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November 10, 2012
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forgive me by blu-red forgive me by blu-red
they could have done so much more with the villain ;_;
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:iconmoon159159:
moon159159 Featured By Owner Jul 9, 2014
Its so cute. I love it :3
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:icon0amelia0:
0Amelia0 Featured By Owner Mar 29, 2014  Hobbyist
I totally agree. He seemed pretty cool, and was obviously very clever, considering the complicatedness of his castle. He could have been a really great bad guy, and I'm kind of disappointed that more didn't happen with him.
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:iconmonkeydzyrax:
MonkeyDZyrax Featured By Owner Feb 3, 2014
not all villains need depth
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:iconkurseofkings:
KurseofKings Featured By Owner Jan 28, 2014
"they could have done so much more with the villain ;_;" I feel the exact same way. Seriously.
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:iconmonkeydzyrax:
MonkeyDZyrax Featured By Owner Feb 3, 2014
not all villains need depth
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:iconnightshadetheranger:
NightshadeTheRanger Featured By Owner Jun 19, 2014  Student Writer
Villains, like all characters, need depth. That's how characters seem real.
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:iconmonkeydzyrax:
MonkeyDZyrax Featured By Owner Jun 19, 2014
But what does depth mean for a villain?
Does that mean having a terrible childhood or wanting to make the world better?
If we are talking about being real then what about Bashar Al Assad? He kills his own people just so he can stay in power and His childhood was normal. He just likes being the president of Syria and uses chemical weapons on innocent people including children. And I am pretty sure he is a real person
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:iconmindmendereoin:
MindMenderEoin Featured By Owner 6 days ago  New member Student General Artist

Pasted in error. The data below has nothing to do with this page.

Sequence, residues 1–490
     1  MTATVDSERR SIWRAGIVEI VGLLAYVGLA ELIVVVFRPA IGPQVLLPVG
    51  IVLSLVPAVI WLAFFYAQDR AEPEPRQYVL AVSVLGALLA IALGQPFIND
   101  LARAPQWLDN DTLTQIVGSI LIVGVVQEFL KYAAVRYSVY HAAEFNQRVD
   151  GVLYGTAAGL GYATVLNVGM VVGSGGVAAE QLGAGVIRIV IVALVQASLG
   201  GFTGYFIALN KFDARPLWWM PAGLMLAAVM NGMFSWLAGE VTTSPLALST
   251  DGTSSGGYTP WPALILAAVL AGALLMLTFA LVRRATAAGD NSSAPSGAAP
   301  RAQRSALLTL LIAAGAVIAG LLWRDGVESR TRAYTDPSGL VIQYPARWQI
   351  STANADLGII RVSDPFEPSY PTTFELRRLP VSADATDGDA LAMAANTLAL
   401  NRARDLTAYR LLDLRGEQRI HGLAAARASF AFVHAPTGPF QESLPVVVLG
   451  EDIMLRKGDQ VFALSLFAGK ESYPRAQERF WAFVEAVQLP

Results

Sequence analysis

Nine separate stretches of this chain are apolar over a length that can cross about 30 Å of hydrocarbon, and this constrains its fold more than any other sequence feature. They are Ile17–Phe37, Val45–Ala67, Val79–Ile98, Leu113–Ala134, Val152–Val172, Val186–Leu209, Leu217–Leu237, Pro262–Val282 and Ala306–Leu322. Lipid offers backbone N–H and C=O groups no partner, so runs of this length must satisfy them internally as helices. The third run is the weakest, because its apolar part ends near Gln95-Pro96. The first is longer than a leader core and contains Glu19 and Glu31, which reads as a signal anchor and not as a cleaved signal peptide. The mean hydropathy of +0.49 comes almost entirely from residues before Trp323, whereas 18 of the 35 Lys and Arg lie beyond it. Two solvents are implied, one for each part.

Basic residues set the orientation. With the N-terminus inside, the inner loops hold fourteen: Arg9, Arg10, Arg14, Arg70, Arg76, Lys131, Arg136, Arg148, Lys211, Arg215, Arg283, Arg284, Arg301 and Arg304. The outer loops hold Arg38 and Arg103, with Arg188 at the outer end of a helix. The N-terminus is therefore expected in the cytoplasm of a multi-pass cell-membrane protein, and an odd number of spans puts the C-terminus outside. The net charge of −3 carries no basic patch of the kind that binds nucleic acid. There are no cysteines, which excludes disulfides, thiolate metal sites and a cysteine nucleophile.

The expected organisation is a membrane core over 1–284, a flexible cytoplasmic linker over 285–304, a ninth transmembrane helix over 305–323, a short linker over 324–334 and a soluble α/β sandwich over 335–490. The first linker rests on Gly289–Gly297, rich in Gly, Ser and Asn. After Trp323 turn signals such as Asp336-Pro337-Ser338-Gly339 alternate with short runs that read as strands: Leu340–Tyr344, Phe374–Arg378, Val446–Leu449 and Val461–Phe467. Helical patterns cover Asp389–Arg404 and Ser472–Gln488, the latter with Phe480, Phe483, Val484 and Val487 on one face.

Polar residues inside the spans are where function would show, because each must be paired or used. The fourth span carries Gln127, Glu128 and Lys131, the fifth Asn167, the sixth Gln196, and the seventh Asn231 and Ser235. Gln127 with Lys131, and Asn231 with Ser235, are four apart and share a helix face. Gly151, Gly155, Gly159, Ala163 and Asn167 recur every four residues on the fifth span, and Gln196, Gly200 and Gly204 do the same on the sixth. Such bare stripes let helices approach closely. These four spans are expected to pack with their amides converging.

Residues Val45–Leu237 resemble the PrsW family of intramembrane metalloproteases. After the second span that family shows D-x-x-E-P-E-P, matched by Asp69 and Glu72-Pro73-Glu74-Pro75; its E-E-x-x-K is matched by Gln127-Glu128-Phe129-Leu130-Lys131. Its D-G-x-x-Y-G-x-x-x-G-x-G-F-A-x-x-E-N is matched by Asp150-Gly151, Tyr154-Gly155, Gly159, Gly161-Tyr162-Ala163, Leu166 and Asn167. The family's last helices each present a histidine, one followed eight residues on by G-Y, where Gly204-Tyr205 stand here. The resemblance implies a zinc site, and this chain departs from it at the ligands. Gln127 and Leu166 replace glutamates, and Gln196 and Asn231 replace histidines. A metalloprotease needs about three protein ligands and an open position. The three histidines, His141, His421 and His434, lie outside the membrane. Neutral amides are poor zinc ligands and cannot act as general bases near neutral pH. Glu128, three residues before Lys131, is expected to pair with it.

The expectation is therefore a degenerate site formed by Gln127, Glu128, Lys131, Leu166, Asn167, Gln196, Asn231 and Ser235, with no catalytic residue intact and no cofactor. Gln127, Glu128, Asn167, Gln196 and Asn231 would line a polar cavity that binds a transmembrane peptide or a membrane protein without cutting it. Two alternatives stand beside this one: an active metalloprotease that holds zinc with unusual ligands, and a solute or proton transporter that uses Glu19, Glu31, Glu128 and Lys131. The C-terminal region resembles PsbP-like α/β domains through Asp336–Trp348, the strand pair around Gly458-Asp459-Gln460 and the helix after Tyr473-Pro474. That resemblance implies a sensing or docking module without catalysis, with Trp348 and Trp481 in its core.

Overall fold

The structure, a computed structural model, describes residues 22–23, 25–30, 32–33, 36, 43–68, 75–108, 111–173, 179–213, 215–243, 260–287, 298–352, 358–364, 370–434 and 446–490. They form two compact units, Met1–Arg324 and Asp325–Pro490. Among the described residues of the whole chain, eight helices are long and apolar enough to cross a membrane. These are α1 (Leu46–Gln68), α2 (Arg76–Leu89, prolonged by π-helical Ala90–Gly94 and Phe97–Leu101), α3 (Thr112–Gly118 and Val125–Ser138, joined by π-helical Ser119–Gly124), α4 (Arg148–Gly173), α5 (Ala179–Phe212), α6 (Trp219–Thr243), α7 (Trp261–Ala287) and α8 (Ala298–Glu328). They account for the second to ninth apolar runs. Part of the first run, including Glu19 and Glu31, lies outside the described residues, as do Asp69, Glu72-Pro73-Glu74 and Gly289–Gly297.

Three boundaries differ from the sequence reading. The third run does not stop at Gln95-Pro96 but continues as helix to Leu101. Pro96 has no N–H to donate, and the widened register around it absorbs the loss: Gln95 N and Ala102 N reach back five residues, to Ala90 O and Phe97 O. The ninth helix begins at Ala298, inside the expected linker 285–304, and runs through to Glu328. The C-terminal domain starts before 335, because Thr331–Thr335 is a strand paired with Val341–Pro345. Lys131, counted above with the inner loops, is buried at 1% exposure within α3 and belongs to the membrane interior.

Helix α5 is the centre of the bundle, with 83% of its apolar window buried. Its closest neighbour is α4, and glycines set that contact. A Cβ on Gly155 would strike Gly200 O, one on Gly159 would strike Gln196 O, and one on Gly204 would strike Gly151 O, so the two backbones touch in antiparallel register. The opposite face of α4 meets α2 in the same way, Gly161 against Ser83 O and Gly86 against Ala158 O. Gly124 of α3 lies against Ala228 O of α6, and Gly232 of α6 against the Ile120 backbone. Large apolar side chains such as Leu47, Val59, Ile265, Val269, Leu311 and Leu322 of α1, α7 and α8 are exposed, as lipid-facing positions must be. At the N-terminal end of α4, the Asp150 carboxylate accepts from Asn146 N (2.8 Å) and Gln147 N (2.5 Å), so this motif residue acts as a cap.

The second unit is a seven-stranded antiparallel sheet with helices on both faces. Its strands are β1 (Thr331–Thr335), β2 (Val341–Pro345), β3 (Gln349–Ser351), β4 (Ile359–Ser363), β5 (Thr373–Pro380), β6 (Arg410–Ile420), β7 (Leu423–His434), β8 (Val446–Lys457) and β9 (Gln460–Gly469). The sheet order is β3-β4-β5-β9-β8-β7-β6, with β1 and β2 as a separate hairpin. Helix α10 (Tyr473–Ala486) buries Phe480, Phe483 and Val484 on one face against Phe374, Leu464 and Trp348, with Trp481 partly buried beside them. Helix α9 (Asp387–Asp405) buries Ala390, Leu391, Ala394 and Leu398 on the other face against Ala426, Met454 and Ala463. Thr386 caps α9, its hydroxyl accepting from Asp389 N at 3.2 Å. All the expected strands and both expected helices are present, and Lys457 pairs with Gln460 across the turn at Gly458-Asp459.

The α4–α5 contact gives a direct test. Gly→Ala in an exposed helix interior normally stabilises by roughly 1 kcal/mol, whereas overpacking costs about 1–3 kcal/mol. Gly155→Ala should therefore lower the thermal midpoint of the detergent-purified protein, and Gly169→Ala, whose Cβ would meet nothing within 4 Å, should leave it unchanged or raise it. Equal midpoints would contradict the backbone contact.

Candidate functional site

I actually agree he doesn't necessarily needs depth.  Sometimes a great villain is one that is single-minded but powerful; it serves as a contrast to all the other characters, who do have depth and humanity, thus dehumanizing Sombra in a way that makes him menacing.  Still, I can see why people are disappointed with what we got (I am too, actually). 

I would say a better word for improving Sombra's character, rather than depth, would be characterization.  We really don't know who he is as a pony aside from his job (a tyrant), and his apparent love for crystals, enslavement, and fear magic.  There's definitely a hint at what kind of character he is, but we never actually see it in action.

He didn't even really need to talk, he just needed to be allowed to do more; let his actions speak for themselves.  Let us see how he uses fear and violence against his enemies.  Let us see how much of a monster he is when he shows enjoyment over causing suffering.  Let us see him be clever, maybe trying to manipulate the main characters against each other through their fear.  I know I'm starting to sound a bit like Discord, but that was why Discord worked initially as a villain; we got to see his character in action, and we could see how he thinks.
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:iconmonkeydzyrax:
MonkeyDZyrax Featured By Owner 5 days ago
When you think about it the only villain in the show to be sympathetic was Nightmare, Discord was simply a sadist, Chrysalis had an excuse but even then said excuse could be seen as selfish, and Tirek was simply obsessed with Power. The reason why Sombra is the only one to get flak isn't because of a lack of a tragety but for a hidden reason.
Unlike the other three who at were at the center of the episode, Sombra was more or less a ghoul attacking the empire, a shadow of a powerful pony, a ghost if you must, he was there to bring suspense to the episode and in that aspect he worked. I think what could have helped him is rather than showing more of him is showing less, Had we never saw his face would he been more compelling? Had they left what he looked like to our imagination to fill the reception to him would been better because we can't expect an unseen ghost to be the focus of an episode.

At least thats what I think
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:iconmindmendereoin:
MindMenderEoin Featured By Owner 4 days ago  New member Student General Artist
That's a pretty good point.  A lot of memorable villains are often those whose faces we never see (Dr. Claw, The Fire Lord until Airbender's last season, etc), because the deliberate lack of an identifiable face makes them all the more monsterous.

Kinda goes with a cardinal rule I tend to follow when it comes to storytelling tropes too: go all the way with it.  With Sombra, they should have gone all the way with making him this ghostly enemy by removing his face, like you said. 
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